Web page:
To illustrate: a story. A labmate of mine noticed that our group was pretty good at making more-than-averagely-complex macrocyclic organic compounds (like these). These compounds are only really interesting if they are functional (they do a useful job), but there is quite a time investment in making them in the first place. My friend decided to look for opportunities to use his expertise in making these types of molecule, and apply it to what other people were trying to do. In the end, he spotted a guy in Italy who was working with some interesting components which could act as starting materials for our synthesis. He contacted him, and a collaboration followed in which my friend quickly churned out some interesting molecules and sent them back to Italy.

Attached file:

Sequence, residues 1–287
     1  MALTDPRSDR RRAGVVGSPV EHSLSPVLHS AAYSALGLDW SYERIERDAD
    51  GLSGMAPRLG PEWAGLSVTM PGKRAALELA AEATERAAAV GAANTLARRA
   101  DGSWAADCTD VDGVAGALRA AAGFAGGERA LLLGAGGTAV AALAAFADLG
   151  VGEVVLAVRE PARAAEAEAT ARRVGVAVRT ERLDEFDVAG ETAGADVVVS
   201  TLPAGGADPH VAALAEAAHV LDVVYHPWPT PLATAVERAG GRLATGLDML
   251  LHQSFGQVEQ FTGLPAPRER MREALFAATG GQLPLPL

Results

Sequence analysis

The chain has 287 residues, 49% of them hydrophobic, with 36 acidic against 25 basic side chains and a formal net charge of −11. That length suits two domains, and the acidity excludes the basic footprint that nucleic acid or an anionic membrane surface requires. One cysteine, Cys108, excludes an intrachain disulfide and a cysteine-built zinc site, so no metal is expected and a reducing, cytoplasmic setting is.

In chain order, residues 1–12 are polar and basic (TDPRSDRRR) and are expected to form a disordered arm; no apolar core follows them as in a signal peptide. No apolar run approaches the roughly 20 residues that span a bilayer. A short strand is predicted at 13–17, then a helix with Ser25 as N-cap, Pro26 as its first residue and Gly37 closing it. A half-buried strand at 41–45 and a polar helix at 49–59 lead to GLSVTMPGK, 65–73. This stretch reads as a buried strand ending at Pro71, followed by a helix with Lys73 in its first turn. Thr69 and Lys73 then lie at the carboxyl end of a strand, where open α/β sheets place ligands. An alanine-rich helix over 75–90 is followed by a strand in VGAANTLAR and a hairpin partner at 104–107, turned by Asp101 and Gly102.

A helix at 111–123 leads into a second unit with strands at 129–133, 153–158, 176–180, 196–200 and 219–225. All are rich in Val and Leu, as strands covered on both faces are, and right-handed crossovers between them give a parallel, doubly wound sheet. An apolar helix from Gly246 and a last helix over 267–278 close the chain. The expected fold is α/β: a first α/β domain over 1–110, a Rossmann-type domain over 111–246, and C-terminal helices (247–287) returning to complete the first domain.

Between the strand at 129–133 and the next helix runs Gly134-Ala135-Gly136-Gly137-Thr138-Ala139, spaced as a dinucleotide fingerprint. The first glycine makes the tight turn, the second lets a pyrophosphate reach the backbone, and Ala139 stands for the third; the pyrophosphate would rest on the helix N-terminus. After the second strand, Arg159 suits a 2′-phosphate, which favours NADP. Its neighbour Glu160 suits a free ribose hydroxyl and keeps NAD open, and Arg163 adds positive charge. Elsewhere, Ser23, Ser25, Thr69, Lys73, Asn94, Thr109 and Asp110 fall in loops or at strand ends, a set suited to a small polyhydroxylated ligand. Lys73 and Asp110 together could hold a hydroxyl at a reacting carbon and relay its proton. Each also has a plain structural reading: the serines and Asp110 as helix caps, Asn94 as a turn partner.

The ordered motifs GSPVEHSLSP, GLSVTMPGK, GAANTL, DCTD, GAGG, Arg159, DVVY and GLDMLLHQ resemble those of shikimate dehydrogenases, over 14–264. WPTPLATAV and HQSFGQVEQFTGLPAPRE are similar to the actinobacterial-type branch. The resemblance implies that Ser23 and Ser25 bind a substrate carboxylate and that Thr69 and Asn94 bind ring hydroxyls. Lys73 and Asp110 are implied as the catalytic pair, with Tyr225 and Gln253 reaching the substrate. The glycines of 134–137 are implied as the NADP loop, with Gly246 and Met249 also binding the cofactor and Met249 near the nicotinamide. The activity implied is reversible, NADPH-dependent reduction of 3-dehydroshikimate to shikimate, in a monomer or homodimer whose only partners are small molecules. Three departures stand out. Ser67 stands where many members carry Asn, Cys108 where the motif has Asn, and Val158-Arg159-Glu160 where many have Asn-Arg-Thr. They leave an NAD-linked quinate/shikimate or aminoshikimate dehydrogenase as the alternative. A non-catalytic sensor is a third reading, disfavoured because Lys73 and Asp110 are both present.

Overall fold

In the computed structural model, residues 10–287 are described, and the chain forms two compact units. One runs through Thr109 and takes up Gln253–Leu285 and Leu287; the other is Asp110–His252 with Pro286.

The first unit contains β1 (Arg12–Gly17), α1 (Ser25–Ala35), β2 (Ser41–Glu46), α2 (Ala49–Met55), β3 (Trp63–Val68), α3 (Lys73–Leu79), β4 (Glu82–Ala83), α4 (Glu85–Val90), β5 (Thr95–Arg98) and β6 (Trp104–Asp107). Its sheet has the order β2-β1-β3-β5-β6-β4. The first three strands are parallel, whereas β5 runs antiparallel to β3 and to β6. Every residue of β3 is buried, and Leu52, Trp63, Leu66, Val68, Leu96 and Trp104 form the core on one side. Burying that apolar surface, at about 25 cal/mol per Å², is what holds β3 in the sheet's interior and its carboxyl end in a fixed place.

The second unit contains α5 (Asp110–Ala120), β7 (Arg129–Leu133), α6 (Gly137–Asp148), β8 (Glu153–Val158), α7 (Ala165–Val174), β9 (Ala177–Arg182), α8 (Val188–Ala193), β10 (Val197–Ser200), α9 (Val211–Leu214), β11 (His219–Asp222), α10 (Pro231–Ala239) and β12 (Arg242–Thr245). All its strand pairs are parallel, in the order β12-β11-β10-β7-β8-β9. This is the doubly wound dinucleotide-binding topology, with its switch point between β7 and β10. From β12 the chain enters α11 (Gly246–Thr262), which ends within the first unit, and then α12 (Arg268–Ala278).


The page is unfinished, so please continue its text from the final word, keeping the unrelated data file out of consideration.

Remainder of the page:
The net result was an impressed supervisor, a new contact in Italy, an interesting paper and a whopping smile on face of the guy in the next fumehood.

7. Ask you supervisor for opportunities to write.

If you are looking for a relatively academic career (and let’s assume you are if you are doing a PhD) then writing is going to be a hugely important skill in the future. Supervisors often get requests from relatively minor journals to do reviews in their pet subject, but may not always have the time to write. That’s where you come in – you can write the draft of the review and practice your writing skills whilst also getting yourself a nice publication.

8. Tailor your off duty activities to the skills you need post-PhD.